There’s always a legalistic get-out (to somehow wangle through the claim that when these things were taught, they aren’t or weren’t reaaallly doctrines, or haven’t changed) that will satisfy people who revel in the wonders of legalistic get-outs, of course. But does God really give us brownie points for managing to persuade ourselves of six impossible things before breakfast, instead of simply admitting that we got something wrong?

          • Both the first two were Church disciplines, not immutable truths. The

          • Appealing to invented legalistic small-print confirms the very point which I was making. When you explain exactly why (supposedly) Rome can contradict its own teachings as the centuries pass, whilst at the same time criticising the Church of England (which I am not defending) for doing the same thing, this has no value at all, unless the name of the game is “our smallprint is better than theirs”.

          • Blah, blah, blah …..
            It was heresies against the Christian faith that gave birth to Islam.

          • >>It was heresies against the Christian faith that gave birth to Islam.<<

            Principle among which was worship of Mary the mother of Jesus….but I'm not getting drawn into this interminable argument again.

          • Nope, Steven. It was the Christological heresies – not the veneration rightly paid to Mary. Besides the Marian doctrines were not being articulated at the time. In fact, Islam has more respect for Our Lady than many protestants.

          • James M

            These are all worth discussing, and are not the intractable puzzles they may seem.
            Some of them were indeed not doctrines.

            And the same objections could be made against the Bible.

            OTOH there is St Matthew 5.44: “Love your enemies…”. OTO, Jesus seems to have had major problems loving His enemies, especially if the tirade in St Matthew is anything to go by. He rarely misses an opportunity to vilify His opponents. Such behaviour would be deemed very unChristian if any of us were to use the language He does. It is very hard to see how His behaviour can be called sinless, as per Hebrews, or how it does not lay Him open to a charge of hypocrisy. He is not a particularly likeable character. His refusal to defend Himself before Pilate seems self-destructive, and very unfair to Pilate. Maybe these features of His are among the reasons that a lot of people find Christianity repellent

            I defy anyone to reconcile the truly Nazi-like extermination of the inhabitants of 3 cities in Joshua 10 with the Teaching of Christ. The best approach IMHO would be for the Church to treat all the Bible as the C of E treats “the books called Apocrypha”: as useful for reading, but not to be treated as Scripture. Drop the slavery to this paper Dagon, and be led, not by dead and deadening books, but by the Spirit of Life, the Holy Spirit of Christ. Jesus knew of no written “new Testament” – neither should the Church.

          • To make an analogy (on one hand) a holy God righteously judging the wicked and removing them from his created world and (on the other) a notorious tyrant, a fallen man, murdering the innocent out of hatred and malice, is completely odious and obtuse. So is your presumption that other people have the same difficulties in understanding the righteous warnings and rebukes of Jesus as you do.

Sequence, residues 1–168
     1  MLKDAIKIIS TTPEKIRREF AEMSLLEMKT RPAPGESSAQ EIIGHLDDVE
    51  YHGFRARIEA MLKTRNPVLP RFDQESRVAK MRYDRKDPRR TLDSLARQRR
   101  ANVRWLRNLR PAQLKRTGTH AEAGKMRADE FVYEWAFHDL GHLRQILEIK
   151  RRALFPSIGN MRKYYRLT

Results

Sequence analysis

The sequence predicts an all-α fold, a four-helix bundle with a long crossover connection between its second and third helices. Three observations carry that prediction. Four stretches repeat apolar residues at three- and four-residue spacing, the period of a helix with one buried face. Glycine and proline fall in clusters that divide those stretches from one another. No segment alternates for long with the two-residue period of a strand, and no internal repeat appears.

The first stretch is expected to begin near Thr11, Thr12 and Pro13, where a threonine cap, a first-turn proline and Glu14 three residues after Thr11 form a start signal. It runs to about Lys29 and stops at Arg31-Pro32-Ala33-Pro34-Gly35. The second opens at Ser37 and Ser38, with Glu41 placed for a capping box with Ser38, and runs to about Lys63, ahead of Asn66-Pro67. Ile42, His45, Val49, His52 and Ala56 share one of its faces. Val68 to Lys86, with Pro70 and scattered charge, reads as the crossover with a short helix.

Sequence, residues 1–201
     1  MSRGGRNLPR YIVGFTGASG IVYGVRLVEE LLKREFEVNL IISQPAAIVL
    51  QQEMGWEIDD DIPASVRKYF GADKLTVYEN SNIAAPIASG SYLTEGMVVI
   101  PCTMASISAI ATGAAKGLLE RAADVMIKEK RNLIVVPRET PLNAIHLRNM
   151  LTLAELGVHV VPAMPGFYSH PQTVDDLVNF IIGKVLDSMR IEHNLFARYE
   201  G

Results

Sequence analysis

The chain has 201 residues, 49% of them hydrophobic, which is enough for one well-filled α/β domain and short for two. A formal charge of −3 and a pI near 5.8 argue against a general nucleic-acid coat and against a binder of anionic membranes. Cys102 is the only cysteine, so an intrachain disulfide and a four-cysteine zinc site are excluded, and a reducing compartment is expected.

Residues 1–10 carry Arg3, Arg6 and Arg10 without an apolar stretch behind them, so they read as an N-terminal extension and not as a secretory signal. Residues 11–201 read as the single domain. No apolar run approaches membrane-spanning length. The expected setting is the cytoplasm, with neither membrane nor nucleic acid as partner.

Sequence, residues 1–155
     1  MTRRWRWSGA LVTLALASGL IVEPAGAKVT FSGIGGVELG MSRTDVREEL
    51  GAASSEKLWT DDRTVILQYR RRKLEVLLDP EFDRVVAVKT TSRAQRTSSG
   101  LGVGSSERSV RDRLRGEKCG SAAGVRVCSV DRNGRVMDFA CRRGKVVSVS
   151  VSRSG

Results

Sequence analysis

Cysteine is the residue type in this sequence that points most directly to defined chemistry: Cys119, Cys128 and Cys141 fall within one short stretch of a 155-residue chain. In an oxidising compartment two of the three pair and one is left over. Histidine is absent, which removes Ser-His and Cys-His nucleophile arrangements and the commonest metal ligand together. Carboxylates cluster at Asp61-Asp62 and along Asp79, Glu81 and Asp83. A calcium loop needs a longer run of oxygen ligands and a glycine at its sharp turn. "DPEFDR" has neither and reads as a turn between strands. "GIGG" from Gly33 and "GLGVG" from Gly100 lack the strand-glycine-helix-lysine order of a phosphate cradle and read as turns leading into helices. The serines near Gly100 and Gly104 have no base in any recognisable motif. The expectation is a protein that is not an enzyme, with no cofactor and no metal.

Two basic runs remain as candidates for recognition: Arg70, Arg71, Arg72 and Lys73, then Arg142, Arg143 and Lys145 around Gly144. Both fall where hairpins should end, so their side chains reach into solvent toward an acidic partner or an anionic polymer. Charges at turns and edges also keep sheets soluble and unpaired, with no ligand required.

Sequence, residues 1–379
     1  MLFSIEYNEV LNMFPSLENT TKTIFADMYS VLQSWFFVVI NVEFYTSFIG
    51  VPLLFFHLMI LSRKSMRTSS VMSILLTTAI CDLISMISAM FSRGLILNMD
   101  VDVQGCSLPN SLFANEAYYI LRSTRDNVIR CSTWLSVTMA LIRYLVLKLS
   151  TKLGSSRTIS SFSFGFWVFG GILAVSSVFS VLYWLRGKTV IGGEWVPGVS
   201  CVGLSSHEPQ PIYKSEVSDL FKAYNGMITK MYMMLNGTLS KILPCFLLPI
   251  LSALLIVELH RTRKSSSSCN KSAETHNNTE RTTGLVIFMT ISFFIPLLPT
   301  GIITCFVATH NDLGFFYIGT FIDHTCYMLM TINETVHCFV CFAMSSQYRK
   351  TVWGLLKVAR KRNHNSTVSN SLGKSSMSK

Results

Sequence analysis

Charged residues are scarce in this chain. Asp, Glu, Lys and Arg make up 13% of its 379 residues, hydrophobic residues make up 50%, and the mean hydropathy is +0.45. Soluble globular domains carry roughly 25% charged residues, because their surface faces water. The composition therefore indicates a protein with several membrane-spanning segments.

• James M

            Except that a lot of those people do have those difficulties. So your remark about “presumption” is without merit.

          • Anton

            “I say I say I say! When is a doctrine not a doctrine?”

            “I don’t know. When IS a doctrine not a doctrine?”

            ” When it’s a Catholic one that’s changed.”

          • When a protestant can tell his elbow from his backside.

          • Chefofsinners

            Shove it up your elbow.

          • Anton

            You chaps should be willing to declare black white and vice-versa if the Pope says so according to Ignatius Loyola.

          • He actually said:

            Thirteenth Rule To be right in everything, we ought always to hold that the white which I see, is black, if the Hierarchical Church so decides it, believing that between Christ our Lord, the Bridegroom, and the Church, His Bride, there is the same Spirit which governs and directs us for the salvation of our souls. Because by the same Spirit and our Lord Who gave the ten Commandments, our holy Mother the Church is directed and governed. ”

            Notice that he does not say, “I must believe that black is white if the Church says so.” He says, “What seems to me white, I will believe black if the hierarchical Church so defines.” In other words, Ignatius’s words are a caution that individual judgement is not as trustworthy as we often naïvely think it is. Truth is not what seems but what is.

            This statement represents a mentality that rubs against two powerful currents of the Zeitgeist: the belief in the absolute autonomy of individual conscience and a deep-seated mistrust of authority. He included a whole section on the topic in his Spiritual Exercises, entitled “Thinking with the Church”.

            Ignatius’ spirituality emphasises an intense, personal relationship between the individual person and God – a relationship had to be firmly embedded in the Church. It is for this reason that he emphasized the virtue of “thinking with the Church”. The principle he expresses in this quote above was an articulating an ecclesiological vision sharply opposed to individualism.